Okajima named AL Rookie of the Month
Rookie reliever allowed only five hits in 12 April appearances
Most people saw this coming. Boston's rookie pitcher from Japan has some nasty stuff, sure to earn him the American League Rookie of the Month Award for April. But hold on a second -- it's not Daisuke Matsuzaka.
No, the honor and trophy belong to Red Sox reliever Hideki Okajima, the left-hander out of the 'pen whom most people don't recognize ... yet.
"I am very happy. When I came over to the U.S., the role I was thinking I would play was to be a pitcher who can pitch any time at any given moment," said Okajima, who compiled a 0.71 ERA and struck out 17 batters in 12 2/3 innings in April. "I'm being given those opportunities now, and I'm very happy to pitch in that situation."
Okajima, who signed with the Red Sox during the offseason, appeared in 12 games and allowed only five hits -- one a homer -- and three walks last month. He picked up his first Major League save, against the New York Yankees, on April 20.
But the 31-year-old's career in the U.S. didn't start the way Boston had hoped. Okajima gave up a home run to Royals catcher John Buck on his first pitch of the season. Ever since then, Okajima has proved one thing over and over: He belongs.
"When I gave up the home run to him, I thought, 'Wow, Major League batters are really great,' " Okajima said. "Because of that one pitch, now I've been able to get this far. That pitch was a good chance for me to learn what I need to do to have success in the Major Leagues. It made me rethink what way I can pitch in the U.S. and be successful. The result of that is where I am and how I'm pitching."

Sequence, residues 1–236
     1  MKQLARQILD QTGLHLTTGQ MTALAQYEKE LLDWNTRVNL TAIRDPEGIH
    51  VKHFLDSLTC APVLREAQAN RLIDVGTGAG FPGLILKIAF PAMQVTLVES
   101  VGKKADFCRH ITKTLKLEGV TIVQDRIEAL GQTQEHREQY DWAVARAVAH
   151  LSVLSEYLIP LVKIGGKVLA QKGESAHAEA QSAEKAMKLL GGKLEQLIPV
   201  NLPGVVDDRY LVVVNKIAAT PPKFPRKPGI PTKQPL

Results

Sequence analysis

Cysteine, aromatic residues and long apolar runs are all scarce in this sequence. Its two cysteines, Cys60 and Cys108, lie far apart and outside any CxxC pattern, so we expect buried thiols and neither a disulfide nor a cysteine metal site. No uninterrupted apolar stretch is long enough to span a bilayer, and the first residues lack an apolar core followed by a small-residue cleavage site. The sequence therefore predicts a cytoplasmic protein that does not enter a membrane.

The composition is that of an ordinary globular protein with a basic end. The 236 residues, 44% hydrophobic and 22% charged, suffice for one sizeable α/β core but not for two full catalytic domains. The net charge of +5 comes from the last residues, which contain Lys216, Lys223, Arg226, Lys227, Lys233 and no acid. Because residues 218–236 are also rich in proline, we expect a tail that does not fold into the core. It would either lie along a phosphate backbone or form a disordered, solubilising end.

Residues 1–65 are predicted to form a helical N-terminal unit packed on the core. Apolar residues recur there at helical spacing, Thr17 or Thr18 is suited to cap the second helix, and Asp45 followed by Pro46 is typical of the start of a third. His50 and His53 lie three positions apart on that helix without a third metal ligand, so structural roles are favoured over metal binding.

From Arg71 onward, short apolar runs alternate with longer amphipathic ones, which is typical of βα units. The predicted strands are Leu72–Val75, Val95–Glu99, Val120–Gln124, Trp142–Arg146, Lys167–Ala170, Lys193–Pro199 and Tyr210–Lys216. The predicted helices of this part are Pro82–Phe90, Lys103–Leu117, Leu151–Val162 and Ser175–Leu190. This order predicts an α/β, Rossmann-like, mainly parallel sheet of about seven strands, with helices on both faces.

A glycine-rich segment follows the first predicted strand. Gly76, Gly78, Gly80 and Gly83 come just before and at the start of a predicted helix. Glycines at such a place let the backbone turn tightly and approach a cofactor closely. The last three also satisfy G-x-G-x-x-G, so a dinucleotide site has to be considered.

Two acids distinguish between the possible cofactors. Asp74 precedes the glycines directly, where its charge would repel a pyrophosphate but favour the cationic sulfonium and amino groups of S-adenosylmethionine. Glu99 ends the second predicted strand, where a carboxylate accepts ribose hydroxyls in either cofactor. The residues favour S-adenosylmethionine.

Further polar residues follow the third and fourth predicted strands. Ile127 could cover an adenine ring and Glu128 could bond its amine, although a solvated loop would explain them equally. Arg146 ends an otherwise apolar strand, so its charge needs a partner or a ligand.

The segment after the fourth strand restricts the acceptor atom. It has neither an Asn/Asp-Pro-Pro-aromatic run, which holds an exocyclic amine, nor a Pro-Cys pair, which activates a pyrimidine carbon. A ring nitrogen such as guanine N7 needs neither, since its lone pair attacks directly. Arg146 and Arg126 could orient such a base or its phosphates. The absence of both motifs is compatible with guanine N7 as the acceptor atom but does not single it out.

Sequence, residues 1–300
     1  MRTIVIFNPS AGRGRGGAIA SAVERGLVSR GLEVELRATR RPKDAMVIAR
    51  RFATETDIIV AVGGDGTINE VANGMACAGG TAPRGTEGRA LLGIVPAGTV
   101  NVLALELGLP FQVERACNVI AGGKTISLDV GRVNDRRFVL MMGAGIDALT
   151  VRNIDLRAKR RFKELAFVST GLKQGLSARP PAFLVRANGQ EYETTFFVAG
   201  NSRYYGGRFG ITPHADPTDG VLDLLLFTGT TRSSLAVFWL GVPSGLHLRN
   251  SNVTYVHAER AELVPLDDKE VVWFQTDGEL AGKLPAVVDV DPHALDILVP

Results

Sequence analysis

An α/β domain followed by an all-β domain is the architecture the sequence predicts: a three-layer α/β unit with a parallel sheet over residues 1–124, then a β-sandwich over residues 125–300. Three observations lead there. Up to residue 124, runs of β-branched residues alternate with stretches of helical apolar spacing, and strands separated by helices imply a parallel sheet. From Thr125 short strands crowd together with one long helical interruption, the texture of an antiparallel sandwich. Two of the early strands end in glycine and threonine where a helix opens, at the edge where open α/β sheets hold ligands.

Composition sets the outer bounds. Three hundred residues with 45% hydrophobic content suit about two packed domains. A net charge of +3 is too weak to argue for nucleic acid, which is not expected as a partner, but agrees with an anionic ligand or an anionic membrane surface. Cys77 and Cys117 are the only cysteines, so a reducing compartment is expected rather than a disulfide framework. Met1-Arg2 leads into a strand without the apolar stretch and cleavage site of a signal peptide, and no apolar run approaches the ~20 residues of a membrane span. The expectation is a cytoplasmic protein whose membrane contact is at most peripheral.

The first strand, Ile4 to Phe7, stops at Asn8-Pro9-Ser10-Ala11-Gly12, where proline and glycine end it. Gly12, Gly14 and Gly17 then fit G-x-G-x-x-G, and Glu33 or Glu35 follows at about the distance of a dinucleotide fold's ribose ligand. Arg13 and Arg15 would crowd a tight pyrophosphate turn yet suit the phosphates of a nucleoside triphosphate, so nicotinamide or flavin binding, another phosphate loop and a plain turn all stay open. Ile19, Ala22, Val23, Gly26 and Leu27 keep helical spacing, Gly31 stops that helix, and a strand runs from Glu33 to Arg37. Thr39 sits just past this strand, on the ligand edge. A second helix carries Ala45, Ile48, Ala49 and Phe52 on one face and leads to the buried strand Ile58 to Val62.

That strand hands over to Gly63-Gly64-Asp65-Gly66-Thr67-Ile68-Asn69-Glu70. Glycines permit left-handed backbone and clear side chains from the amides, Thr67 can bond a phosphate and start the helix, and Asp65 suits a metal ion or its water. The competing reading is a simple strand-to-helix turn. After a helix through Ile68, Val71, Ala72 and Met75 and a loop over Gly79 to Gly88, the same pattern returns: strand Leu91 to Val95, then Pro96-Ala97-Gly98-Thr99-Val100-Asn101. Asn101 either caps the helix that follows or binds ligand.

Okajima proved that he's not just an early-season star on the evening of April 20, when manager Terry Francona brought him in for his save against the Yankees. He made those guys in pinstripes look pretty uncomfortable at the plate.
Armed with a sneaky fastball, a curveball and a changeup that has surprised some of Boston's coaches, Okajima has made the Red Sox front office look brilliant.
"We knew he was a left-handed pitcher that had command," said pitching coach John Farrell. "But we saw him more as a fastball-curveball guy based on the scouting reports and video that we watched. The biggest surprise is how he's brought along his changeup, really a split change that's given him a pitch that's got later action and good arm speed and deception with it. To me, right now, it's probably the most effective pitch of his three-pitch mix."
Okajima laughed when he heard that Yankees first baseman Doug Mientkiewicz said he should be Boston's MVP for April. Okajima knew it was early for statements like that.
"If I heard that at the end of the season, I would be very happy to hear that," Okajima said. "I will stay humble, and I will keep working hard to continue the success."
Akinori Iwamura of the Tampa Bay Devil Rays finished a close second in the voting to Okajima. Also receiving votes in the American League were Matsuzaka, Delmon Young of the Tampa Bay Devil Rays, Angels pitcher Dustin Moseley, Adam Lind of the Toronto Blue Jays and Joakim Soria of the Kansas City Royals.
Caleb Breakey is an associate reporter for MLB.com. This story was not subject to the approval of Major League Baseball or its clubs.